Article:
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'Once upon a time, the London theatre was a charming mirror held up to cosiness. Then came Joan Littlewood, smashing the glass, blasting the walls, letting the wind of life blow in a rough, but ready, world. Today, we remember this irresistible force with love and gratitude.' (Peter Brook)
Along with Peter Brook, Joan Littlewood, affectionately termed 'The Mother of Modern Theatre', has come to be known as the most galvanising director of mid-twentieth-century Britain, as well as a founder of so many of the practices of contemporary theatre. The best-known work of Littlewood's company, Theatre Workshop, included the development and premieres of Shelagh Delaney's A Taste of Honey, Brendan Behan's The Hostage and The Quare Fellow, and the seminal Oh What A Lovely War.
This autobiography, originally published in 1994, offers an unparalleled first-hand account of Littlewood's extraordinary life and career, from illegitimate child in south-east London to one of the most influential directors and practitioners of our times. It is published along with an introduction by Philip Hedley CBE, previously Artistic Director of Theatre Royal Stratford East and Assistant Director to Joan Littlewood.
Joan Littlewood (1914 - 2002) was one of the foremost directors of our time and founder of the iconic theatre company Theatre Workshop, most famous for Oh What A Lovely War. Her left-wing politics and commitment to enabling theatre to reach the working classes meant that this was a keen preoccupation in all of her work and methods. She was famous for her anti-Establishment, radical theatre work that defied the censorship laws of the mid-twentieth century and gained the company a great deal of attention and acumen.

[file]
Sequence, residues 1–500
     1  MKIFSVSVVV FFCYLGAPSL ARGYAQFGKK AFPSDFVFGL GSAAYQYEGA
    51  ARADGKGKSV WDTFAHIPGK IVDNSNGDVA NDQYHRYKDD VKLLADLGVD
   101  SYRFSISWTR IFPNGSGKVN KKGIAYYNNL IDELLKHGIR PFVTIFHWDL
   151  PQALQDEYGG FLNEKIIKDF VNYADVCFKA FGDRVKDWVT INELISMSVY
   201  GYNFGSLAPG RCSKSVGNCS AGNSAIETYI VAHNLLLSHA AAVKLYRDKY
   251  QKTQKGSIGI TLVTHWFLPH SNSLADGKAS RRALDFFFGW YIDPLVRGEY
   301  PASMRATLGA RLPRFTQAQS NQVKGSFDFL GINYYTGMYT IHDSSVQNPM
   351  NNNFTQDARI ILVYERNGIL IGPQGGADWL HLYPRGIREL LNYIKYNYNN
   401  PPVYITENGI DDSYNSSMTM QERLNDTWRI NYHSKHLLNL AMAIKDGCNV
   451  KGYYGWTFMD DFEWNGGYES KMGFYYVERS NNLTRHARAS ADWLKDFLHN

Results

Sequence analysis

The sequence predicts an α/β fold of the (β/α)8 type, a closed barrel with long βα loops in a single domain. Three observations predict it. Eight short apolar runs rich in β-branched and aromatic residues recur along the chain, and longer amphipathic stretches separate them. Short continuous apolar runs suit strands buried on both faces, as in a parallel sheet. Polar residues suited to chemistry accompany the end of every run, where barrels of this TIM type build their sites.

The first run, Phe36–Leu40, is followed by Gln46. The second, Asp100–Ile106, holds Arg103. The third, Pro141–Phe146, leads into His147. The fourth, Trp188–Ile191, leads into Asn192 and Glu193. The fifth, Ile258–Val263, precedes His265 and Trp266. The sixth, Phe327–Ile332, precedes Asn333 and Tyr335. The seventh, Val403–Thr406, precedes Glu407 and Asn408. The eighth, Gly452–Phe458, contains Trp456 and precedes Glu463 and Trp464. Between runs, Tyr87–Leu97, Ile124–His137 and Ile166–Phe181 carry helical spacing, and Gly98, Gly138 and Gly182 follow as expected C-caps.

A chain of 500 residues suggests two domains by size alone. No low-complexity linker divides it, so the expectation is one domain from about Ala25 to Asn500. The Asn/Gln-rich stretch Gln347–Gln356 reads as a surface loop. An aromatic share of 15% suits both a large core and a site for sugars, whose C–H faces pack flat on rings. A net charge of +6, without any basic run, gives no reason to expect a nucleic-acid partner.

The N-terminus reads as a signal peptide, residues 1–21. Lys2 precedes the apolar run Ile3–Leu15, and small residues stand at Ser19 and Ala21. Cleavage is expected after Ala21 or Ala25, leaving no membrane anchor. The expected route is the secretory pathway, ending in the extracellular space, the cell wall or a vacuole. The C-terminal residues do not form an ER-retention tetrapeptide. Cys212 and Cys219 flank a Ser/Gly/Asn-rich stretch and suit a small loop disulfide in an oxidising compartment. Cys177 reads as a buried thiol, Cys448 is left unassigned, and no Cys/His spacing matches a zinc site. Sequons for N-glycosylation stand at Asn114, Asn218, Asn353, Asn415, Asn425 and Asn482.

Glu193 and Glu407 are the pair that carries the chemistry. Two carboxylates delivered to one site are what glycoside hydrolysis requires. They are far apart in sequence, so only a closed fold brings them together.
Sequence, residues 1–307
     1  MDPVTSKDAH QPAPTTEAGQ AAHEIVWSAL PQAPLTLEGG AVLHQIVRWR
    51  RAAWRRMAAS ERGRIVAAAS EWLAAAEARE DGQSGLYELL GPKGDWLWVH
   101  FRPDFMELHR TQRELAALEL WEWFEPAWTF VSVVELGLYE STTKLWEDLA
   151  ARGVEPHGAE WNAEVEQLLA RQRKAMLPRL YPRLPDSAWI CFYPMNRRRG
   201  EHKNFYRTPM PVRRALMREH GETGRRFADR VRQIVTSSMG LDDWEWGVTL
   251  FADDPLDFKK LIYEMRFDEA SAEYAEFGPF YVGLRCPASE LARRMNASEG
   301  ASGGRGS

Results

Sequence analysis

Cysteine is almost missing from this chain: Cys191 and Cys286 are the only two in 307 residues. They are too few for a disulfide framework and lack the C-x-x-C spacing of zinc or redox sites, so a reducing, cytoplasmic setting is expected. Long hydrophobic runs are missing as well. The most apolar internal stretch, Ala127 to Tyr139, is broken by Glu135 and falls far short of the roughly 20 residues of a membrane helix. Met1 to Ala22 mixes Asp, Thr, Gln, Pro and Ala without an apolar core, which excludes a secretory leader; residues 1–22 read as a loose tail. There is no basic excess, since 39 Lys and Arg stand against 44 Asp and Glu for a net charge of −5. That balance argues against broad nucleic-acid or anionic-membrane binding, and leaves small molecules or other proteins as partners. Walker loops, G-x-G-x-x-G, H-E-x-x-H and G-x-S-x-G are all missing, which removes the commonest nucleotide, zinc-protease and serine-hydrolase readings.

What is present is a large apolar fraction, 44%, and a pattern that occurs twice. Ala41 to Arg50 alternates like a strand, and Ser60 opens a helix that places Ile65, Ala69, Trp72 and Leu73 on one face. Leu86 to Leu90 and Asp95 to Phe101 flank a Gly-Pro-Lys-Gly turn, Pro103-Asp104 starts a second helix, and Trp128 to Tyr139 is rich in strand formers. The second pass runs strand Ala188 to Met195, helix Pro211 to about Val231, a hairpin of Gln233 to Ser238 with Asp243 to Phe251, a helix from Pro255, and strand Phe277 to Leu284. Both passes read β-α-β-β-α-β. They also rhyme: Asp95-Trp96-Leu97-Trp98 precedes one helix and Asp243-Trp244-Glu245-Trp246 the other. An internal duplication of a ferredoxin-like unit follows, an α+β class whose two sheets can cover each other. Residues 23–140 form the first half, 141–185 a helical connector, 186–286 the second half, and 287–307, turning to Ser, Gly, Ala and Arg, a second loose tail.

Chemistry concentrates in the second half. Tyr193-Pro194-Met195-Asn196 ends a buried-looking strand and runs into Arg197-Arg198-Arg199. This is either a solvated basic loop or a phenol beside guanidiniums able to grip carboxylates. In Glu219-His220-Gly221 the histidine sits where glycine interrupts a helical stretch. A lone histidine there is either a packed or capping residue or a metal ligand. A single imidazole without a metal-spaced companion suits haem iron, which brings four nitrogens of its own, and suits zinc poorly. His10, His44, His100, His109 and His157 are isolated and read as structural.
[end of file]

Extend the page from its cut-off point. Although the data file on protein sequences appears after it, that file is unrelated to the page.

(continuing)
Philip Hedley was Artistic Director of Theatre Royal Stratford East for twenty-five years from 1979 to 2004. Upon his departure, the Theatre Royal named him Director Emeritus. He was a founding student of E15 Acting School and later in his career taught and staged productions there and at LAMDA, RADA, Rose Bruford and Drama Centre in the UK, the Vancouver Playhouse Drama School and the National Institute for Drama in Sydney. He ran Lincoln Theatre Royal for three years from 1968 to 1971, during which time he directed and/or produced over fifty productions. He went on to be director of the Midlands Arts Theatre Company, followed by two years as Assistant Director to Joan Littlewood and Assistant Administrator to her partner, Gerry Raffles, at Theatre Royal Stratford East.